Eternal sunshine of the sleepless mind by Yan Z. '12
Once again, the title has practically no relation to the actual blog entry.
Remember the plot of The Matrix trilogy? Neither do I, which is why I IMDB’d it before writing this blog. Fun fact: under the space-warping influence of continued sleep deprivation, my initial 5 days at MIT were about as coherent as any scene in the Matrix movies that didn’t involve people/cars/people-standing-on-cars suffering gratuitous physical damage (that is to say, pretty much incoherent but inexplicably awesome anyway). Small wonder that I still recall those warm-hued summer days with a mellow, hazy sort of fondness that I usually reserve for Dali paintings and Wikipedia articles that I don’t really understand.
Luckily, my first week was lovingly wiled away in pre-orientation activities of mostly inconsequential leisure, like building miniature “robots” and touring MIT/Boston and eating more food per day than certain small countries. I dedicated hours each day to mastering the subtle art of falling sleep randomly in public areas. Amongst a vast repertoire of somnolent performances, a few particularly stunning occasions come to mind:
-As part of the Discover Mechanical Engineering Pre-Orientation Program, I was shuttled off on a tour of a cutting-edge product development company, which involved a presentation, walking up and down stairs, more presentations, milk and cookies (no kidding), and a final presentation. During one of the presentations, I dozed into soundless oblivion. I was standing up. The presenter was about four feet away in front of me and talking about something extremely interesting, just not as interesting (apparently) as the delightfully sublime sensation of a vertical nap.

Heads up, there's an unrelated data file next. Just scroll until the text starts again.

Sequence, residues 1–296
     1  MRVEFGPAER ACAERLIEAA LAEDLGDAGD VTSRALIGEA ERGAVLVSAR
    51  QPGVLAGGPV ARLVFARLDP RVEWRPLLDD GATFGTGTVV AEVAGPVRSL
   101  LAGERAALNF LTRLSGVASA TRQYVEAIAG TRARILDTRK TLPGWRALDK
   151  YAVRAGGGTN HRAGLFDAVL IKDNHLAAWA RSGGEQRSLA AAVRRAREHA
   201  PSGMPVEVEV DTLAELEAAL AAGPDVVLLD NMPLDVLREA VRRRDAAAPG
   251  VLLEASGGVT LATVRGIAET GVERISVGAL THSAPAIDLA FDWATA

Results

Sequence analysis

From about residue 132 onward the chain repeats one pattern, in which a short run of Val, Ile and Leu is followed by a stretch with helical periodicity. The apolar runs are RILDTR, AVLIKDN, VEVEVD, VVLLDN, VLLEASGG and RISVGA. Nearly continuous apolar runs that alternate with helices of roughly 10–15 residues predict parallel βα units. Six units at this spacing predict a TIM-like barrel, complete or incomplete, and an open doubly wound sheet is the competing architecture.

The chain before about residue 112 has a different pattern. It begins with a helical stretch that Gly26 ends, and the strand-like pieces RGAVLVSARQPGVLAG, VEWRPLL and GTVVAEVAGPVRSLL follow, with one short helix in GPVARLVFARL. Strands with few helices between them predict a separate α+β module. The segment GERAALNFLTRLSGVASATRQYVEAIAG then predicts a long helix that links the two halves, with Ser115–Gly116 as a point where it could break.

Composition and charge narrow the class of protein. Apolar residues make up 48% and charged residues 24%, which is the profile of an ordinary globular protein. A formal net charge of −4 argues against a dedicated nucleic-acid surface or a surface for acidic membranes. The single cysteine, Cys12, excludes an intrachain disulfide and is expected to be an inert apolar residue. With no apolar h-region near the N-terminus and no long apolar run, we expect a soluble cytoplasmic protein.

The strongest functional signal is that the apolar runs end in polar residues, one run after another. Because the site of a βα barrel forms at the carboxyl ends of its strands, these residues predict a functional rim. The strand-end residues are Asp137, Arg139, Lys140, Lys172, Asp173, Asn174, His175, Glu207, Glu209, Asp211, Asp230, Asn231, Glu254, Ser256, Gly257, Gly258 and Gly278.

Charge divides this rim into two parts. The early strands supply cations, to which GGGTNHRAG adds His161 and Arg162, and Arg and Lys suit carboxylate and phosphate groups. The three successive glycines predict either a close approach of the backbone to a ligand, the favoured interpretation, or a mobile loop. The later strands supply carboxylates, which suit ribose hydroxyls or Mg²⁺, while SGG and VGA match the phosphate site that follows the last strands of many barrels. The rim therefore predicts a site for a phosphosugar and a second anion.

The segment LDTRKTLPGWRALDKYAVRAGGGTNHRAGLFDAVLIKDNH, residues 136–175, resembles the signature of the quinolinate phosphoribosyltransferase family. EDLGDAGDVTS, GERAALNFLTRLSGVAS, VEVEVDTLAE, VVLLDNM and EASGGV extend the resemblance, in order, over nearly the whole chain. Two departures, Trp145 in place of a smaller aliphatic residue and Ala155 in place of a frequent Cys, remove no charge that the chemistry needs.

-One fine night, I fell asleep on a roof.
-Discover Mech. Engineering concluded with a Battle Royale of home-made soccer-playing robots at the Boston Museum of Science. My team’s robots were significantly less soccer-ific than the average Brazilian, which meant that we spent most of the later rounds cheering for the teams that had shown the greatest mercy in making us look unequivocally lame to the dozens of 12-year olds in attendance. A few hours in, my exhaustion level cracked past the point where a 2-foot-by-4-foot plastic bin at the sidelines of the arena started to look less like a container for storing robots and more like an oddly-shaped futon. I have simple tastes when it comes to furniture, so I folded myself into what was essentially oversized tupperware, closed the lid, and enjoyed a nap while practically everyone else in DME pulled out their digital cameras and took a picture of me for the benefit of the Facebook community.
And then came September, when Fake MIT (orientation) ended and Real MIT (classes) began. All through first semester, I averaged about seven hours of sleep per night, plus or minus a few naps per week which may or may not have occurred consistently during certain lectures (my apologies to the MIT biology department). During IAP, six hours per night was a luxury. The single class that I took in January, which was perhaps the most profound thing that I have ever experienced other than Star Wars: Return of the Jedi, not only started at 9 AM every single day but also consumed my remaining free time for breakfast. To the unending dismay of my brain cells, the past few weeks have been likewise. Here’s the problem: I’m programmed to wake up at 7:30 AM naturally, and I haven’t yet debugged my internal clock. The obvious antidote is to go to bed around 11:30 PM, which would be a splendid proposal if not for the fact that distracting things always seem to happen sometime around 11:15 PM. Par example: